Jeremiah was called into the prophetic ministry when he was young man. Humble and eager to serve God, he became a man of prayer and deep spirituality–a man who faced his trials with courage.
During his forty years of ministry, Jeremiah would suffer intense persecution. He was thrown into a dungeon, beaten, put in stocks, and threatened. Tradition teaches that he was stoned to death. Despite the opposition he faced, however, he remained true to the messages God gave him. He confronted the Jews with their rebellion and called them to confess their sins, accept responsibility, and ask God for forgiveness. As God directed him, he also spoke words of comfort to a people facing disaster.
Jeremiah was also a man of great compassion. He openly expressed his grief over the sinfulness of his people. In fact, he’s known as the weeping prophet. He shed many tears for the sin of his people and the destructive consequences he knew they’d face. After Jerusalem was destroyed and the people were exiled, Jeremiah wrote the book Lamentations to express his sorrow over the pain and loss of his people. There were times when Jeremiah openly and honestly complained to God about the work God had given him. Yet even in the midst of his sadness, Jeremiah never lost faith in God’s power to judge righteously, to reward liberally, and to restore his broken people.
The New Testament describes Samson as a man of faith. It mentions neither his failures nor his great strength. Though he possessed great physical strength, he was a moral weakling who followed his own selfish desires and ignored God. Do you remember his story? He was the man who foolishly loved Delilah?
It seems that after the first three episodes of betrayal, Samson would’ve known not to trust Delilah. But like many of us, Samson thought that giving into manipulation was an expression of love. He chose to please Delilah and to get what he wanted from her, rather than to obey God and deliver his people. Delilah chose to use her relationship with Samson for her own gain. Most of us have experienced the pain of being used, and we have undoubtedly used others. We’ve also known the searing agony of being betrayed.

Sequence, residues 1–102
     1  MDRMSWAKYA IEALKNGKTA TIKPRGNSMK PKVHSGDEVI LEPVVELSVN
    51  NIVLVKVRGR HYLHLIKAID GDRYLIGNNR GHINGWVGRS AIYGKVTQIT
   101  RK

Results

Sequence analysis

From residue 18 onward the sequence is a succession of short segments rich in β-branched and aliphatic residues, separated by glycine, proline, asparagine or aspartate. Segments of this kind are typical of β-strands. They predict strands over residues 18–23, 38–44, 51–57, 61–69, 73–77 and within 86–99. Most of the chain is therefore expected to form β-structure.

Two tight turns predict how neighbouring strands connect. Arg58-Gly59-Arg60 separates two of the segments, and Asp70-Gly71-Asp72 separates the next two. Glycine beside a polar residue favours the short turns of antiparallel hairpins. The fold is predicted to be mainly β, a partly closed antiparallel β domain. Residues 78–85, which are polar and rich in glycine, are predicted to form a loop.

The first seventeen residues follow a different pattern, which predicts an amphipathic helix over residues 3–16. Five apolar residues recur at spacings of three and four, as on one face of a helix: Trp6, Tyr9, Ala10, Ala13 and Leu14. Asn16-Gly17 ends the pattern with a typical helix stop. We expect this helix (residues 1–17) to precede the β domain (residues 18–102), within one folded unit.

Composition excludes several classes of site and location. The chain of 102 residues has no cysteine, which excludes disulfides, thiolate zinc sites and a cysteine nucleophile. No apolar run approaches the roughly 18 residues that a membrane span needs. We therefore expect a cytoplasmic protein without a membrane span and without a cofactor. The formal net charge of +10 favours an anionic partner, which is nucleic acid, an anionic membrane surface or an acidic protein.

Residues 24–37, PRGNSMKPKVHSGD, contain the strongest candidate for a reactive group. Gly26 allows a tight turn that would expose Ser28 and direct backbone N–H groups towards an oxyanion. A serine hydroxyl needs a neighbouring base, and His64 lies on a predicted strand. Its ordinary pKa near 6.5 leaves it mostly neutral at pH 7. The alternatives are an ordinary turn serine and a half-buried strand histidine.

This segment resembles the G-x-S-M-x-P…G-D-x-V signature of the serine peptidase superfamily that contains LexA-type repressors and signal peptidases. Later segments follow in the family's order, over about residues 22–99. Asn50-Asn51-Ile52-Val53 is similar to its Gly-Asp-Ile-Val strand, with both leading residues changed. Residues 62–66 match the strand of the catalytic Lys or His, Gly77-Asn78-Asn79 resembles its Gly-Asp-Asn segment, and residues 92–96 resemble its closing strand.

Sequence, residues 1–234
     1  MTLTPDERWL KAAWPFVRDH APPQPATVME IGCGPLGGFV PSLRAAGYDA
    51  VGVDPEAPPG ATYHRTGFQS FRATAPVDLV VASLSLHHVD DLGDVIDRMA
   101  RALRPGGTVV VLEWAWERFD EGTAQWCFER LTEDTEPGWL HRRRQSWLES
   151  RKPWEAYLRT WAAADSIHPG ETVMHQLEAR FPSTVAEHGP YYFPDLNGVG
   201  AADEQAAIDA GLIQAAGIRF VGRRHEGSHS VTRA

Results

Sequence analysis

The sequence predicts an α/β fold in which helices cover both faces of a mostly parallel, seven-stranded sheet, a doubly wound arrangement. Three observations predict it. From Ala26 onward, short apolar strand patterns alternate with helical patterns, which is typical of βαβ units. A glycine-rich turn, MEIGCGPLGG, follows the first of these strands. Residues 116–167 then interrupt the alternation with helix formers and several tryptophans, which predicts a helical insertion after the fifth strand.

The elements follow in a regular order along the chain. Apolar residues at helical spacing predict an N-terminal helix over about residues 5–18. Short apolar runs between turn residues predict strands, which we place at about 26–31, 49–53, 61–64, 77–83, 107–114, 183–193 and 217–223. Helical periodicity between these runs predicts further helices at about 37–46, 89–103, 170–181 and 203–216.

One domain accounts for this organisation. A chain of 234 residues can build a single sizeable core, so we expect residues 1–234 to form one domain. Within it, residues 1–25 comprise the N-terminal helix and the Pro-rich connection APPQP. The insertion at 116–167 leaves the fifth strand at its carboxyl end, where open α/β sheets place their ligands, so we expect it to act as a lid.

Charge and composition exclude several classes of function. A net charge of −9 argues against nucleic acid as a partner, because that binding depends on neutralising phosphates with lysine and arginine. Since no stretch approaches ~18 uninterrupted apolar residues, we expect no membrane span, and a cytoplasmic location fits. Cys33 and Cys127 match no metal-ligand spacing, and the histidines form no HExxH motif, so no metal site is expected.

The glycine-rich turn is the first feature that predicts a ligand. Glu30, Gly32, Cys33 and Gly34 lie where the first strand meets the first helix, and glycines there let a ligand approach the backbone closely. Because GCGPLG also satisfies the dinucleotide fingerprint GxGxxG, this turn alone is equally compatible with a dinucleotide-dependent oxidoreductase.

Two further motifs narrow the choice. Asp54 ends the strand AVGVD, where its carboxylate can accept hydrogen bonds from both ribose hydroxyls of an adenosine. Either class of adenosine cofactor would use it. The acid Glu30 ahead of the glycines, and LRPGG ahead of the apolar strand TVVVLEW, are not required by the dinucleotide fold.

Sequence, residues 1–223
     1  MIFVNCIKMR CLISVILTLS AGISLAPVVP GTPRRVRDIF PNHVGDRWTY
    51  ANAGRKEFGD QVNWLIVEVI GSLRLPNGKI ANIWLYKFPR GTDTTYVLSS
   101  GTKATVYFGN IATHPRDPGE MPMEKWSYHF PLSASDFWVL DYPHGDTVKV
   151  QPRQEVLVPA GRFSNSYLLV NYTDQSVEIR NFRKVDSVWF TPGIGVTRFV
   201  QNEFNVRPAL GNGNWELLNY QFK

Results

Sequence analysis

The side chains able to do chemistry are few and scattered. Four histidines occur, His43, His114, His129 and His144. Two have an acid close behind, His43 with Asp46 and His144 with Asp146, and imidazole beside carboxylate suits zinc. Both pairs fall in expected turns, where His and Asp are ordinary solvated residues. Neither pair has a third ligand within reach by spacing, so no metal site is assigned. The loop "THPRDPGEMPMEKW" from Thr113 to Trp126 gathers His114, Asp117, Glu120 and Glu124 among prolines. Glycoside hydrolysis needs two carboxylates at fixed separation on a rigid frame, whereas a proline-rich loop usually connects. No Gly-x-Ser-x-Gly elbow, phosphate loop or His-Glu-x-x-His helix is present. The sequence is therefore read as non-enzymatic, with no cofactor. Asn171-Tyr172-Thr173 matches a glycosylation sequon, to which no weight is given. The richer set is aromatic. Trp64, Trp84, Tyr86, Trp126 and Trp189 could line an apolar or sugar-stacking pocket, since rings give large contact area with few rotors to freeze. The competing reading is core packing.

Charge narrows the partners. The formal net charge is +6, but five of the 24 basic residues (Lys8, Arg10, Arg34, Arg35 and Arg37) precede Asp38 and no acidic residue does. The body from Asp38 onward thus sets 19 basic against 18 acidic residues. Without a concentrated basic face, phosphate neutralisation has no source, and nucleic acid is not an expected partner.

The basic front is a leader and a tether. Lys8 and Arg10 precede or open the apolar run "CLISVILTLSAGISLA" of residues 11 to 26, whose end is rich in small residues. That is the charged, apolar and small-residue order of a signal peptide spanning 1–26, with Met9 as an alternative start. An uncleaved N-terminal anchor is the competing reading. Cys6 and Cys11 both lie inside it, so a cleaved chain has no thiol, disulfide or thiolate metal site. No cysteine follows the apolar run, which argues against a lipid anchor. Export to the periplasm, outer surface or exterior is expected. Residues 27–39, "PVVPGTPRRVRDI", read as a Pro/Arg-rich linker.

It will accomplish nothing to look at Samson and think about what he didn’t accomplish. Likewise, it does little good for us to become depressed over what might have been. Samson shows us that as long as we have life, we have hope. It’s never to late to surrender your life to God and allow him to redeem you and restore what you’ve lost. In spite of his failures, Samson is listed as a champion of faith in Hebrews 11. In spite of your failures, you, too, can be a champion of faith as God continues to transform your life.
Life often seems unfair, doesn’t it? Because of this many men conclude God is unreasonable in his demands. This is what a man named Job thought. As you probably remember Job was a man who lost his all of his children, his wealth, his health, and his reputation.
In the midst of his suffering, Job cried, ‘How frail is humanity! How short is life, and how full of trouble! Like a flower, we blossom for a moment and then wither. Like the shadow of passing cloud, we quickly disappear. Must you keep an eye on such a frail creature and demand an accounting from me? Who can create purity in one born impure?’ (Job 14:1-4).
That’s a good question’one that most of us have asked in one form or another. Job persisted in his questioning because deep inside he believed God to be good, even though he was suffering terribly. He was honest with his emotions and questions, but he never stopped seeking God.
Are you suffering? Have you lost someone you love? Have you received bad news from the doctor? Lost your home or job? While working through the pain and unfairness of life, you may have to be satisfied with trusting God, even though you simply don’t understand. But be assured’if you trust God and seek him in the hard times, your good Father will respond with blessing and faith.